Lakers’ Kobe Bryant enjoys festive atmosphere during All-Star weekend

Los Angeles Lakers' Kobe Bryant waves to the crowd after receiving his Al-Star jersey prior to a NBA basketball game against the Minnesota Timberwolves at Staples Center on Tuesday, Feb. 2, 2015 in Los Angeles.   (Photo by Keith Birmingham/ Pasadena Star-News)

Los Angeles Lakers’ Kobe Bryant waves to the crowd after receiving his Al-Star jersey prior to a NBA basketball game against the Minnesota Timberwolves at Staples Center on Tuesday, Feb. 2, 2015 in Los Angeles.
(Photo by Keith Birmingham/ Pasadena Star-News)

TORONTO — Every move that Kobe Bryant made sparked hysteria as cameras clicked and flashed endlessly. His mere presence caused several to chant his name. Every word that Bryant said elicited smiles. Every joke Bryant told preceded a laugh track.

Usually Bryant creates this atmosphere after he scores a basket for the Lakers. This time, Bryant created a stir amid the estimated 150 journalists, both real and imagined, that surrounded him during his media availability at a local hotel as part of NBA All-Star weekend.

Bryant’s press conference started with alleged reporters clapping upon his arrival. Then, several things happened that very few of his contemporaries experienced. Bryant offered a linguistics lesson by answering questions both in English, Spanish and Italian for nearly 27 minutes. A few international media members greeted Bryant with retirement gifts. One Toronto-based reporter handed Bryant a personalized “Thank you” card. A Japanese reporter gave Bryant a piece of artwork that depicted the Lakers’ 37-year-old star as a samurai.

Somewhere in between, Bryant talked about basketball, including the fans selecting him for his 18th and final All-Star game during his 20th NBA season on Sunday at Air Canada Centre.

“I’m looking around the room and seeing guys that I’m playing with that are tearing the league up that were four in my first All-Star game,” Bryant said. “How many players can say they played 20 years and actually have seen the game go through three or four generations? It’s not sad at all. I’m really happy and honored to see this.”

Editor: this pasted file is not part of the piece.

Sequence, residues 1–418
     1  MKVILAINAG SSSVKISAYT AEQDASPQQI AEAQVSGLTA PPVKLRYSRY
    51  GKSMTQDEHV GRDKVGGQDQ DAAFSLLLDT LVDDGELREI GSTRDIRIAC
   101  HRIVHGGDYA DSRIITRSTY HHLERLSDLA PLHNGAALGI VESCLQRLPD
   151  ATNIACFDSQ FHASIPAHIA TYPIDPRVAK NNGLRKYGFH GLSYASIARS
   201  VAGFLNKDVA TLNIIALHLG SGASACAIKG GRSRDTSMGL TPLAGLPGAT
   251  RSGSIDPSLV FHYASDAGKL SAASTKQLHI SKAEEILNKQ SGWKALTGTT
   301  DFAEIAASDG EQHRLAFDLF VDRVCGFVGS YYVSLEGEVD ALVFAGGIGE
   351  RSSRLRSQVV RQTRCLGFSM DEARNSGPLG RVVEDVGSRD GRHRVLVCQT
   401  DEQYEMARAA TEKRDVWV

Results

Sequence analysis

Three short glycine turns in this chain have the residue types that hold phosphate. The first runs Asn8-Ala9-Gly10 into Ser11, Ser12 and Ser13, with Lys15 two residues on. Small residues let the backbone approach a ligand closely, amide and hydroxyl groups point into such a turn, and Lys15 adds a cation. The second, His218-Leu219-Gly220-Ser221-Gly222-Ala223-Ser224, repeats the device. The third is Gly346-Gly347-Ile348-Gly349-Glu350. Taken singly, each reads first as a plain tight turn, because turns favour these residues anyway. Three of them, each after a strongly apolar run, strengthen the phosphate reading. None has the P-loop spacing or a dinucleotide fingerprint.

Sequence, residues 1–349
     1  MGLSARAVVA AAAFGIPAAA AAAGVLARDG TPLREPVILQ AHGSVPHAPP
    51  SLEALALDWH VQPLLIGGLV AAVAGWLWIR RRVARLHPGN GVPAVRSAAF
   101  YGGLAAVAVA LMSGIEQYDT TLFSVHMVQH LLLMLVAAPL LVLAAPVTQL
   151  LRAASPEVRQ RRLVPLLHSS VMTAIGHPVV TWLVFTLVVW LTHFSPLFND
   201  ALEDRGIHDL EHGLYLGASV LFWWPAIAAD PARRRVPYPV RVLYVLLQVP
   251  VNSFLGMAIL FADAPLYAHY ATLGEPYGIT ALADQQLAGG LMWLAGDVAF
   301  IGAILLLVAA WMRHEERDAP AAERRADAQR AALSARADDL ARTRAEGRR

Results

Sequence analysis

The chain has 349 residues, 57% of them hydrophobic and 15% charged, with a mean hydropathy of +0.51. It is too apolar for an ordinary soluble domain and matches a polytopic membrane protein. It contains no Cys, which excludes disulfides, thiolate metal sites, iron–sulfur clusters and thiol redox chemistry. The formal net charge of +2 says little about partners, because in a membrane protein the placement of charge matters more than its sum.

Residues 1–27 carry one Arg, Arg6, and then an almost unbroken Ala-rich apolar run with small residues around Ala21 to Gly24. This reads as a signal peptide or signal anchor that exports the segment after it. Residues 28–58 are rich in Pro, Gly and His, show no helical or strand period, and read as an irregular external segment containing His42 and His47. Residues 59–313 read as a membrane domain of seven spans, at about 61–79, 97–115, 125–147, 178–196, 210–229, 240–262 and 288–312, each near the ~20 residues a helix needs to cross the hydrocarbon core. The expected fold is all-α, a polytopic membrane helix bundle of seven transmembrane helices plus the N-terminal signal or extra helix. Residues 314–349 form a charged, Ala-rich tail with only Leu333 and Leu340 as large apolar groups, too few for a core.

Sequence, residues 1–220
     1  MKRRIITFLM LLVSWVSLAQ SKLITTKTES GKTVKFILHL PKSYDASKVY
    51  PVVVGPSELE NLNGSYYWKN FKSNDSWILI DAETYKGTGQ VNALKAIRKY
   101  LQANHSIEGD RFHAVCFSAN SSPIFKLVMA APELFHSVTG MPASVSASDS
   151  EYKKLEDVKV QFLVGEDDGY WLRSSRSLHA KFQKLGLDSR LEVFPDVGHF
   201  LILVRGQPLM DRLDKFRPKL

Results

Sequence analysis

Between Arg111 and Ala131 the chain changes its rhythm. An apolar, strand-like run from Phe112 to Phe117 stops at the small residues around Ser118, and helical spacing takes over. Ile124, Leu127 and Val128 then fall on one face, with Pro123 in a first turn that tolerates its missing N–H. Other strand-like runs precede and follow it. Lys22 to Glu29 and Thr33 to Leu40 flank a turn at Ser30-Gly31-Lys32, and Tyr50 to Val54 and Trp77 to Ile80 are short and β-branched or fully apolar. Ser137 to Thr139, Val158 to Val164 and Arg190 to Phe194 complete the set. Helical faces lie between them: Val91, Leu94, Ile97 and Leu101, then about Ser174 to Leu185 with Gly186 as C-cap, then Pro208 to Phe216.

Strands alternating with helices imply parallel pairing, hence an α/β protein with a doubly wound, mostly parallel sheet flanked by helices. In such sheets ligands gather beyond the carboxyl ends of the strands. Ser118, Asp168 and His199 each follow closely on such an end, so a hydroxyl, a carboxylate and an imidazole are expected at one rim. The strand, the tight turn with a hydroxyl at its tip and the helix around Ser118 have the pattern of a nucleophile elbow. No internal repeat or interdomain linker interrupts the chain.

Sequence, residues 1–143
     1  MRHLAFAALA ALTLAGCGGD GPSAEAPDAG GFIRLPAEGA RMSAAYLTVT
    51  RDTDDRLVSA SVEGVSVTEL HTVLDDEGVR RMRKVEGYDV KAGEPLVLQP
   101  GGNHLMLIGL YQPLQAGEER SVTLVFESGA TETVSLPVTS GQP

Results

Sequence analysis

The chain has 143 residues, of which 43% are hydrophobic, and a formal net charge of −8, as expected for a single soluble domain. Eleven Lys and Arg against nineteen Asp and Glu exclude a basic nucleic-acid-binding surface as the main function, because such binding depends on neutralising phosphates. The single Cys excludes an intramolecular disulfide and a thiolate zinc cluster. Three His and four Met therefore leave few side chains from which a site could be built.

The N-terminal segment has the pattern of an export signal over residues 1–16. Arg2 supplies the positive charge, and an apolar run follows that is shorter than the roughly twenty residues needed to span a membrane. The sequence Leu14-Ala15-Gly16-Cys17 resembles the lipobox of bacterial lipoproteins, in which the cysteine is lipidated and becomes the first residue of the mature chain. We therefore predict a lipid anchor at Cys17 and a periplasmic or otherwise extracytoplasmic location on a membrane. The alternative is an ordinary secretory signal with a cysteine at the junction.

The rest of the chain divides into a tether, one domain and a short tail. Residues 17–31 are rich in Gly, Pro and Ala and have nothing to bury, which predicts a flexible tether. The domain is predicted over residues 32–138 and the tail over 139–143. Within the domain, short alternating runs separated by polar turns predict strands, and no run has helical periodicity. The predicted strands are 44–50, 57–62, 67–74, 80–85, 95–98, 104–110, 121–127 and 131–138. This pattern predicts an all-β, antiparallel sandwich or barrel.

Bryant also sounded more than happy to talk. He joked he will play only 10 minutes as a starter for the Western Conference, mindful that he has nursed soreness in recent weeks in right shoulder.

“I do so much work to get ready and there’s certain games it’s there and it’s not,” Bryant said. “The hard part is being able to accept that and deal with it on a nightly basis.”

Bryant then turned serious and reiterated he has “zero” aspirations to win the All-Star MVP after collecting four (2002, 2007, 2009, 2011) to tie Bob Pettit.

“I’d tell you if I wanted it,” Bryant said. “I’ve never been one really to pull punches. I’m really just enjoying this whole thing with being around these players and talking to them one more time and going out and practicing and enjoying the game. The competitiveness in terms of me trying to establish something and prove something, that’s gone.”

Not completely.

Bryant admitted he still laments the Lakers losing in the 2004 NBA Finals to Detroit and 2008 NBA Finals to Boston.

“I wish I could have won the two that got away,” Bryant said. “Those are tangible things that I felt I could have adjusted or changed from a leadership perspective, from an executional perspective.”

Bryant then argued he should have been “more nit-picky” about ensuring the Lakers run their “automatics” better during the 2003-04 season. Bryant also wished he had his teammates “play with a more physical nature” throughout the 2007-08 season before facing the Celtics.

“Those are the things that sit with me still,” Bryant said. “But I also learned a lot from them.”

Bryant then expressed gratitude for returning after experiencing three-season ending injuries to his left Achilles tendon (April, 2013), left knee (Dec. 2013) and right shoulder (Jan. 2015). Bryant also sounded less disappointed even when he conceded “it would’ve been amazing” if he ended his 20th and final NBA season with a championship.

“I can’t complain about that,” Bryant said. “I’ve enjoyed wining to the tune of five championships. I’ve been very very fortunate to have those. For most players, it’s very difficult to get one. You got to be able to take the good with the bad.”

Bryant shared that attitude during his press conference that was filled with non sequiturs.